Mexican Revolution: La Decena Tragica (February 1913)

Francisco Madero
Figure 1.--Here President Madero guarded by a loyal group of youthful military cadets as Diazupporters launched attacks ikn Mexico City (February 9, 1913). He was betrayed a few days later by General Victoriano Huerta. Source: Augustí Víctor Casasla

Victoriano Huerta, the commander of the armed forces, conspired with Félix Díaz (Porfirio Díaz's nephew) and Bernardo Reyes to get rid of the troublesome president. What followed was a 10-day battle in Mexico City known as La decena tragica (the Tragic Ten Days). Fighting occurred between Madero's suporters and the Díaz/Reyes forces. Madero accepted Huerta's offer of protection. Huerta betrayed him. He had him arrested. Meanwhile. Huerta had Madero's brother and close advisor, Gustavo A. Madero, kidnapped off the street. Huerta had the President's brother tortured and murdered. Huerta had in effect executed a coup d'état (February 18, 1913). He forced Madero to resign. The plotters declared Pedro Lascuráin president, but Huerta claimed the presidency for himself. Huerta ordered Madero shot On the same day Madero was shot four days later February 22). Huerta claimed that bodyguards were forced to shoot both Madero and his Vice President Pino Suárez as a result of a rescue attempt by Madero's supporters. Few believed the claim. Huerta controlled the capital, but Mexico is a large country and establishing control of the entire country was a very different matter. Madero had many supporters. Madero's death launched the most violent phase of Mexican history since the conquest.

Madero Presidency (1911-13)

Madero became president after Díaz tried to reverse the results of the 1910 election. Madero entered Mexico City (June 7, 1911). He was elected president by a landslide in a free democratic election (October 1911). Madeo won with a higher percentage of the voye thar Díaz had ever achieved in rigged elections. Despite his electoral mandate, problems soon developed. Madero had suceeded in forcing Díaz out by temporarily unifying various democratic and anti-Díaz forces. This included elements that were mutually incompatable and that were no committed to democratic government in Mexico. Madero attempted a series of moderate reforms. The reforms were a disappointment to the revolutionaries who wanted more drastic action. They were even more vehemently opposed by the conservatives who were adament about preserving the existing order. Madero was an idealistic lawyer without the political or leadership skills capable of controlling the reaction to his reforms. Madero did not last long as president. Mexico soon spun out of his control. After Díaz was forced from Mexico, Madero did not replace the Porfirista military with his supporters. Huerta pledged allegiance to the Madero administration. Huerta was one of many officers whob supported Díaz that Madero retained. Huerta was instrumental in supressing revolts by rebel generals, especially one led by Pascual Orozco.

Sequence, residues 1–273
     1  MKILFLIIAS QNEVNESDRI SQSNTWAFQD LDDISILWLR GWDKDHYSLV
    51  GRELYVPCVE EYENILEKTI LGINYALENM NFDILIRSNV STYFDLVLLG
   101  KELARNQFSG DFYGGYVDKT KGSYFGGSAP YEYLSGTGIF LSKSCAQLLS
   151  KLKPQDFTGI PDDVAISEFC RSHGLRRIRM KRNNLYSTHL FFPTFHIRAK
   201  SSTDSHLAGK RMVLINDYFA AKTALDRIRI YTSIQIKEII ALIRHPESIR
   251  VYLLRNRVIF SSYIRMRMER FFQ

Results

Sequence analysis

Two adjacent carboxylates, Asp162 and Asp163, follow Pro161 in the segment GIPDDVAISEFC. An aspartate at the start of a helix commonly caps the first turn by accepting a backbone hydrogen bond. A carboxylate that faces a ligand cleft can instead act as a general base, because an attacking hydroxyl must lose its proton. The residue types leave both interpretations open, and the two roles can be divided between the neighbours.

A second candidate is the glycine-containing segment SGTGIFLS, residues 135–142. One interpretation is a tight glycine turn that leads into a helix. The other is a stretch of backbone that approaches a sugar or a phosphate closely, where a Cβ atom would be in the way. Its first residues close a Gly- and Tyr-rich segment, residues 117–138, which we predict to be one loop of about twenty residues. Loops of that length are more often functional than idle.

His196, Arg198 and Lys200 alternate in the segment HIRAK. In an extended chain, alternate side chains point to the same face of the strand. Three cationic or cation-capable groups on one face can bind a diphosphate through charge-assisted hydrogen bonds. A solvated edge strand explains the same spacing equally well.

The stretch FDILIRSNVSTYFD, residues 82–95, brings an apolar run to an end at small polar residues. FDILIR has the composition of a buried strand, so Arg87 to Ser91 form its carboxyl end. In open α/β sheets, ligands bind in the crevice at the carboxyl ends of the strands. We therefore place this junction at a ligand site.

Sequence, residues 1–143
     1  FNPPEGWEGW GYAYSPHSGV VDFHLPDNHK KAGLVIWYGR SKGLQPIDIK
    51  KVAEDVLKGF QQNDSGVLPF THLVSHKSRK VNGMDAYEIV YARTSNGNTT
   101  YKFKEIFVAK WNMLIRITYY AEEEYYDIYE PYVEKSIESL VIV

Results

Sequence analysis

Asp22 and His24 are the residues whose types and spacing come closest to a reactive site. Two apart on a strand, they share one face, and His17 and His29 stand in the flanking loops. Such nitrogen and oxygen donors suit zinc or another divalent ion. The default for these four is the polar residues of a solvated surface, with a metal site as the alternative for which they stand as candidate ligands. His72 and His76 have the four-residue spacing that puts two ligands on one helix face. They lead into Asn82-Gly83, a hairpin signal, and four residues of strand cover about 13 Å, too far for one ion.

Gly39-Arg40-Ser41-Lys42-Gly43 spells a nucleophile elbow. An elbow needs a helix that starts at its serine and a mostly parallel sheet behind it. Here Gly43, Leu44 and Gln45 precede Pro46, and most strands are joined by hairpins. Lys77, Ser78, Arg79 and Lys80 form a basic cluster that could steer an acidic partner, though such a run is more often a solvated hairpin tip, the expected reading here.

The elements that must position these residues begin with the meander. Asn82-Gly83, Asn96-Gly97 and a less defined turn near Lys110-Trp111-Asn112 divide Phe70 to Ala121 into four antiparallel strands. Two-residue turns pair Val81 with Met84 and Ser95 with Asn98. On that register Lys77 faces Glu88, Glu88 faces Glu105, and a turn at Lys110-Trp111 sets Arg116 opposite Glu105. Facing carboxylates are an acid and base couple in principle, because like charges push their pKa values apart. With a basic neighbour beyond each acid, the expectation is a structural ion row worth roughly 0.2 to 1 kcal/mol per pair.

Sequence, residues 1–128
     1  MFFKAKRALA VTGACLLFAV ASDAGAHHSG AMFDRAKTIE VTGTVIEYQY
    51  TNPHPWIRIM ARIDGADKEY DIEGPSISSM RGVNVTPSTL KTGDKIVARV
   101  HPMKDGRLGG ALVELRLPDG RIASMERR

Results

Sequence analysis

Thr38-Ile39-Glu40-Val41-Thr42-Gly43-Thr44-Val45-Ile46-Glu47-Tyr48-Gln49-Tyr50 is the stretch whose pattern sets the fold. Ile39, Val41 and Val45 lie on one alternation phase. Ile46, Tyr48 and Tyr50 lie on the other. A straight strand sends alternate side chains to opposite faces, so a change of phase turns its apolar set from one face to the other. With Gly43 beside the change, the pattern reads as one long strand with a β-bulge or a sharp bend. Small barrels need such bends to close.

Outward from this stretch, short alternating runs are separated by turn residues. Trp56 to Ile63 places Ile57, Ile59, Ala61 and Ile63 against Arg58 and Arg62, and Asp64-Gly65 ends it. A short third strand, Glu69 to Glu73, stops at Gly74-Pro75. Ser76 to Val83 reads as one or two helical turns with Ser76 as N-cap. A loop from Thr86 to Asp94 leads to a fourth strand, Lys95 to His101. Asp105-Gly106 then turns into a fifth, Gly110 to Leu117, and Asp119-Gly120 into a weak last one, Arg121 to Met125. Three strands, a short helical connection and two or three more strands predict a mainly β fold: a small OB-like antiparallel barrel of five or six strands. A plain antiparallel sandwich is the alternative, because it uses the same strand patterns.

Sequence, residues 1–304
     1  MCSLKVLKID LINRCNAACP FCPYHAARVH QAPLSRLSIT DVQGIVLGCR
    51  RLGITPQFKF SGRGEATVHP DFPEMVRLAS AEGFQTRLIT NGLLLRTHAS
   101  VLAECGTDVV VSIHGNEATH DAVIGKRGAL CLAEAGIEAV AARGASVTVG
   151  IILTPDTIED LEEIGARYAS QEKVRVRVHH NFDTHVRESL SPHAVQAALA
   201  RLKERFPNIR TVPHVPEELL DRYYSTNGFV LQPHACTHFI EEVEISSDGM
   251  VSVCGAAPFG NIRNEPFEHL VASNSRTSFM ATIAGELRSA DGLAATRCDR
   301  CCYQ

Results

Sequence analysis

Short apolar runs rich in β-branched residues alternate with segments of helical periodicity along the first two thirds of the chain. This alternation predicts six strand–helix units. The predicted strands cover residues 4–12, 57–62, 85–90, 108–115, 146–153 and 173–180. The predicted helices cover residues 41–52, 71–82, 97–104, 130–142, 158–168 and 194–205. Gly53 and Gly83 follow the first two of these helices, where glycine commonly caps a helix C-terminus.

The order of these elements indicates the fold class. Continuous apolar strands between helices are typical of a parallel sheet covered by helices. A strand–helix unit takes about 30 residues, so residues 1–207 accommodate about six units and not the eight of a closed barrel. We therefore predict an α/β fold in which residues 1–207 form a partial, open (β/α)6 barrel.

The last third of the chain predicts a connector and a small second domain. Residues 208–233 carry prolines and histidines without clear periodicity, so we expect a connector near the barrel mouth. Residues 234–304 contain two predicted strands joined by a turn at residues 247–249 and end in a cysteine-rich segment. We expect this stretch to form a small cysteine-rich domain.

Conspiracy

Victoriano Huerta, the commander of the armed forces, conspired with Félix Díaz and Bernardo Reyes to get rid of the troublesome president. Félix Díaz was the former president's nephew and not willing to accept his fall from power. Bernardo Reyes was a cashiered Díaz general. What followed was a 10-day mock battle in Mexico City known as La decena tragica (the Tragic Ten Days). Apparently they agreed to remove President Madero and make Huerta president. Huerta after a term of office would support Díaz as president. U.S. Ambassador Henry Lane Wilson was involved in the plot. I think this was apersonaol involvement and not orders fro Washington, but I do not yet have the details. Wilson and Madero openly diisliked each other. Wilsonwas a corporate lawyer who saw Madero's reformist coats as an attack on business. He saw in the idealistic Madero a "disorganized brain". Madero as president wasc offended by Wilson's "impertinences" and was prepared tonask the newly elected American president to recall him, calling him an alcoholic. While alcohol offended Madero, it was in fact a bond between Wilson and Huerta. oNe historian writes, "Both regarded Madero with the distaste of a barroom bully for the prissy Sunday school teacher who doesn't drink."

Fighting in Mexico City

Fighting occurred between Madero's loyalist suporters and the Díaz/Reyes rebel forces. It was a confused period. Much of the combat was staged, although Madero was not fully aware of this. An artillery duel was conducted by Huerta's forces and units loyal to Felix Diaz, the deposed dictator's nephew. They were not aiming at each other, but rather at civilians. Next they carried out a fake battle. The objectivecwas to create chaos during whivh President Madero could be removed.

Huerta's Betrayal (February 18)